Basic Cursors in T-SQL–#SQLNewBlogger

Another post for me that is simple and hopefully serves as an example for people trying to get blogging as #SQLNewBloggers.

Cursors are not efficient, and not recommended for use in SQL Server/T-SQL. This is different from other platforms, so be sure you know how things work.

There are places where cursors are useful, especially in one-off type situations. I recently had a situation, and typed “CREATE CURSOR”, which resulted in an error. This isn’t valid syntax, so I decided to write a quick post to remind myself what is valid.

The Basic Syntax

Instead of CREATE, a cursor uses DECLARE. The structure is unlike other DDL statements, which are action type name, as CREATE TABLE dbo.MyTable. Instead we have this:

DECLARE cursorname CURSOR

as in

DECLARE myCursor CURSOR

There is more that is needed here. This is just the opening. The rest of the structure is

DECLARE cursorname CURSOR [options] FOR select_statement

You can see this in the docs, but essentially what we are doing is loading the result of a select statement into an object that we can then process row by row. We give the object a name and structure this with the DECLARE CURSOR FOR.

I was recently working on the Advent of Code and Day 4 asks for some processing across  rows. As a result, I decided to try a cursor like this:

DECLARE pcurs CURSOR FOR SELECT lineval FROM day4 ORDER BY linekey;

The next steps are to now process the data in the cursor. We do this by fetching data from the cursor as required. I’ll build up the structure here starting with some housekeeping.

In order to use the cursor, we need to open it. It’s good practice to then deallocate the objet at the end, so let’s set up this code:

DECLARE pcurs CURSOR FOR SELECT lineval FROM day4 ORDER BY linekey;
OPEN pcurs
...
DEALLOCATE pcurs

This gets us a clean structure if the code is re-run multiple times. Now, after the cursor is open, we fetch data from the cursor. Each column in the SELECT statement can be fetched from the cursor into a variable. Therefore, we also need to declare a variable.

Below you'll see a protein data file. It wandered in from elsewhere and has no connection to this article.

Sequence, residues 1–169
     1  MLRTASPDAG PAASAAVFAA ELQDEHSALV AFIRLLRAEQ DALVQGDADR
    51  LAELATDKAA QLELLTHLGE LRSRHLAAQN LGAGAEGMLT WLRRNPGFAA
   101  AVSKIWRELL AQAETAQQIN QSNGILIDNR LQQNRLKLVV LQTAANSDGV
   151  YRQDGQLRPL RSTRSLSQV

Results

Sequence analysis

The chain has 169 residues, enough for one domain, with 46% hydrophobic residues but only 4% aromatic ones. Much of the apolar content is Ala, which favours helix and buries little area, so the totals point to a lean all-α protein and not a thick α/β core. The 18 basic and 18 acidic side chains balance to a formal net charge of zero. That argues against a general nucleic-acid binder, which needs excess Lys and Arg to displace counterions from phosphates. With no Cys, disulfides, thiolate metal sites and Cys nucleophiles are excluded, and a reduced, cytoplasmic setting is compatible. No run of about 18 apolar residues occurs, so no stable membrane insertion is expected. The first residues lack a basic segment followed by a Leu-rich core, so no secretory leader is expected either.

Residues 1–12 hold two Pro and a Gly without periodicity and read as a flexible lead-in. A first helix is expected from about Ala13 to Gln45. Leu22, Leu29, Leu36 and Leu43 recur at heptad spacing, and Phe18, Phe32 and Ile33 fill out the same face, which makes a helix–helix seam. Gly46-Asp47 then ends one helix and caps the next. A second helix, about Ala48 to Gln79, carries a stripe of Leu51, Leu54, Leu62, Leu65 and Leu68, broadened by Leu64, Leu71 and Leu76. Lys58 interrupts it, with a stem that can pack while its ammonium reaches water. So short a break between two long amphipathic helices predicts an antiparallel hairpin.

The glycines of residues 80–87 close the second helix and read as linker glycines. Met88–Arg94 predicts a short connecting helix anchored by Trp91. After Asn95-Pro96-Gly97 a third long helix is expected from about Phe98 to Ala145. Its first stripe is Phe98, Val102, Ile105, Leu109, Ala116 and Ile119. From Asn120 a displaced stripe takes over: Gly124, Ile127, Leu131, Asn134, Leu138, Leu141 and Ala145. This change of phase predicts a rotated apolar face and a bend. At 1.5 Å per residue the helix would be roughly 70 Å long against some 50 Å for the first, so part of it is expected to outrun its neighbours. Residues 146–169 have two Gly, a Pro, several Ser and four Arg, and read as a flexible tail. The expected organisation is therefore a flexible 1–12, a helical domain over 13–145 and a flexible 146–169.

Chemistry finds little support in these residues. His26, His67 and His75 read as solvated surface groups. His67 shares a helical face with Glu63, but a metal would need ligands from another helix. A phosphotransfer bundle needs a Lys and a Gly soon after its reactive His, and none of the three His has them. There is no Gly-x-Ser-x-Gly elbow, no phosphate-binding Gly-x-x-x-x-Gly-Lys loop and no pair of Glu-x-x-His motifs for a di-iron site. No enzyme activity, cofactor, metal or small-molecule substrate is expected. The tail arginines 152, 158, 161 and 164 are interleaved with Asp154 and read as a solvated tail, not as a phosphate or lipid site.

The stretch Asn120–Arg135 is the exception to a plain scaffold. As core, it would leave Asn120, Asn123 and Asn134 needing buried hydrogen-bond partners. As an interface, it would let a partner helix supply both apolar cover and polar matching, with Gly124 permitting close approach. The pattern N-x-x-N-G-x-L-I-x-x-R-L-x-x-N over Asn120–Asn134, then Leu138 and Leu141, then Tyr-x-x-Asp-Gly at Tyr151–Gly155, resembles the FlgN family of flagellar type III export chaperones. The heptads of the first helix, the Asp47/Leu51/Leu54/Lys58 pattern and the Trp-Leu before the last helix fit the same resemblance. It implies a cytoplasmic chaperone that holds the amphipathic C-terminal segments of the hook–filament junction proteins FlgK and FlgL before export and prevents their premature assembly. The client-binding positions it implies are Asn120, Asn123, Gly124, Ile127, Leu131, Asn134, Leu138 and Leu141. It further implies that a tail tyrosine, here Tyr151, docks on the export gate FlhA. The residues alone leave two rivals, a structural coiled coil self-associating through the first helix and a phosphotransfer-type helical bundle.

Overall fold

DECLARE pcurs CURSOR FOR SELECT lineval FROM day4 ORDER BY linekey;
OPEN pcurs
DECLARE @val varchar(1000);
FETCH NEXT FROM pcurs into @val
...
DEALLOCATE pcurs

Usually we want to process all rows, so we loop through them. I’ll add a WHILE loop, and use the @@FETCH_STATUS variable. If this is 0, there are still rows in the cursor. If I hit the end of the cursor, a –1 is returned.

DECLARE pcurs CURSOR FOR SELECT lineval FROM day4 ORDER BY linekey;
OPEN pcurs
DECLARE @val varchar(1000);
FETCH NEXT FROM pcurs into @val
WHILE @@FETCH_STATUS = 0
BEGIN
...
FETCH NEXT FROM pcurs into @val
END
DEALLOCATE pcurs

Where the ellipsis is is where I can do other work, process the value, change it, anything I want to do in T-SQL. I do need to remember to get the next row in the loop.

As I mentioned, cursors aren’t efficient and you should avoid them, but there are times when row processing is needed, and a cursor is a good solution to understand.

SQLNewBlogger

As soon as I realized my mistake in setting up the cursor, I knew some of my knowledge had deteriorated. I decided to take a few minutes and describe cursors and document syntax, mostly for myself.

However, this is a way to show why you know something might not be used. You could write a post on replacing a cursor with a set based solution, or even show where performance is poor from a cursor.

About way0utwest

Editor, SQLServerCentral
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3 Responses to Basic Cursors in T-SQL–#SQLNewBlogger

  1. Jeff Moden says:

    Just a bit of an addition… it’s also smart to CLOSE the cursor prior to deallocating it.

    Like

  2. Vladimír Dědourek says:

    I think this cursor syntax is overcome and has some disadvantages. Why don´t use declare @variable cursor …?

    Like

  3. way0utwest says:

    I’m not sure what you mean. Both are valid syntaxes, but I don’t know what overcome is, or what disadvantages you mean.

    Like

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